Zimmermann designed PGP to empower people to take their privacy into their own hands. He felt that with the growing social reliance on electronic communication, it was imperative that people and companies have the right to protect their intellectual property. He was thrust into action based on Senate Bill 266, a 1991 omnibus anticrime bill that would require manufacturers of secure communications equipment to insert special “trap doors” into their products to allow the government to read anyone’s encrypted messages. However, it was not just the intrusion of the government that Zimmermann was worried about – he believed that these trap doors could and would be abused by business rivals, organized crimes, or foreign governments and wanted to provide a way for individuals to protect their valuable electronic assets.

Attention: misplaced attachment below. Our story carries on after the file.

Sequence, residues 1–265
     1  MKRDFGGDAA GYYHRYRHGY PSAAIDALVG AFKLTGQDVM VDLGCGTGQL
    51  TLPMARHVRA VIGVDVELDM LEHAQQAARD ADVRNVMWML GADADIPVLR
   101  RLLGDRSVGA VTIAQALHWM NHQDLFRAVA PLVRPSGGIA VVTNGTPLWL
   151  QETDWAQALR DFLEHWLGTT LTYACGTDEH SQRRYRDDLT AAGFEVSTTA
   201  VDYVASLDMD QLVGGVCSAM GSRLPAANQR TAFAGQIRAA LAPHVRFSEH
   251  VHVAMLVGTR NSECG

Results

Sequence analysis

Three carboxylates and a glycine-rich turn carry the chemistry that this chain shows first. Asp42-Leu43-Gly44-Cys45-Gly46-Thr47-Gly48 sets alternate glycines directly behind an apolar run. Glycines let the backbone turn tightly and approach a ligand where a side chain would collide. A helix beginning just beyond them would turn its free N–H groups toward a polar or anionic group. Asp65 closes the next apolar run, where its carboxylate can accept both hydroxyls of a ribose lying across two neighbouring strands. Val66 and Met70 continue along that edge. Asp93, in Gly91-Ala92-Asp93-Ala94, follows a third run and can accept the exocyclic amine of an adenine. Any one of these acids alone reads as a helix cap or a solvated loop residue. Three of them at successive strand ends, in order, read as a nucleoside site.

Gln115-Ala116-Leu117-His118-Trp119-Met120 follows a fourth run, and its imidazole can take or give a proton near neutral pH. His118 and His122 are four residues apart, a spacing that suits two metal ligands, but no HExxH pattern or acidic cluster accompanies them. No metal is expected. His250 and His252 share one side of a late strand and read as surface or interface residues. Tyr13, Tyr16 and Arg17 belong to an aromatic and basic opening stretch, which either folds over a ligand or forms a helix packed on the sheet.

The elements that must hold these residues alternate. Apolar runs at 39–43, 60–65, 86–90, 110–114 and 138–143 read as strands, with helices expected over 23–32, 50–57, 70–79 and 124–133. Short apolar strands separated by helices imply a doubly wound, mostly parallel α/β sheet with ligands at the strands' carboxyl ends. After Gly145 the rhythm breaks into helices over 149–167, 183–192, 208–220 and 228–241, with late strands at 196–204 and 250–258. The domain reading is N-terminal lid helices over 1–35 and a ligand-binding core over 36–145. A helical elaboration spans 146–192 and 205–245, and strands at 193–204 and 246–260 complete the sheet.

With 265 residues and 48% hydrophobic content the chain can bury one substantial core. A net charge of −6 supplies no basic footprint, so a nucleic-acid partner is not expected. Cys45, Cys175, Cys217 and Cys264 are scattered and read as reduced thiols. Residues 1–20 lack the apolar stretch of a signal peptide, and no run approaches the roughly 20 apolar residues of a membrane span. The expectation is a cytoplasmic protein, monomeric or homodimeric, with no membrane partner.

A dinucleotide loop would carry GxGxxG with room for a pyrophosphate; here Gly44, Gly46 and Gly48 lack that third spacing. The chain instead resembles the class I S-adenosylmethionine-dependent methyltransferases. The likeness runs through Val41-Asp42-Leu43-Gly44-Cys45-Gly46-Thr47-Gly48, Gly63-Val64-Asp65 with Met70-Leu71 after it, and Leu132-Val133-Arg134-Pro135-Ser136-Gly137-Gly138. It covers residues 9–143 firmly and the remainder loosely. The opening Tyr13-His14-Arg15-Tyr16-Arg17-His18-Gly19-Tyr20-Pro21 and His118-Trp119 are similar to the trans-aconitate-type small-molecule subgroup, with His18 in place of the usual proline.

Targeted by the government as part of a three-year criminal investigation, PGP was called out for violating US export regulations for cryptographic software when the security program was shared globally. The case was eventually dropped in 1996 and Zimmermann was able to found PGP Inc.
Read Wired’s profile on Zimmermann’s historic contribution to the Internet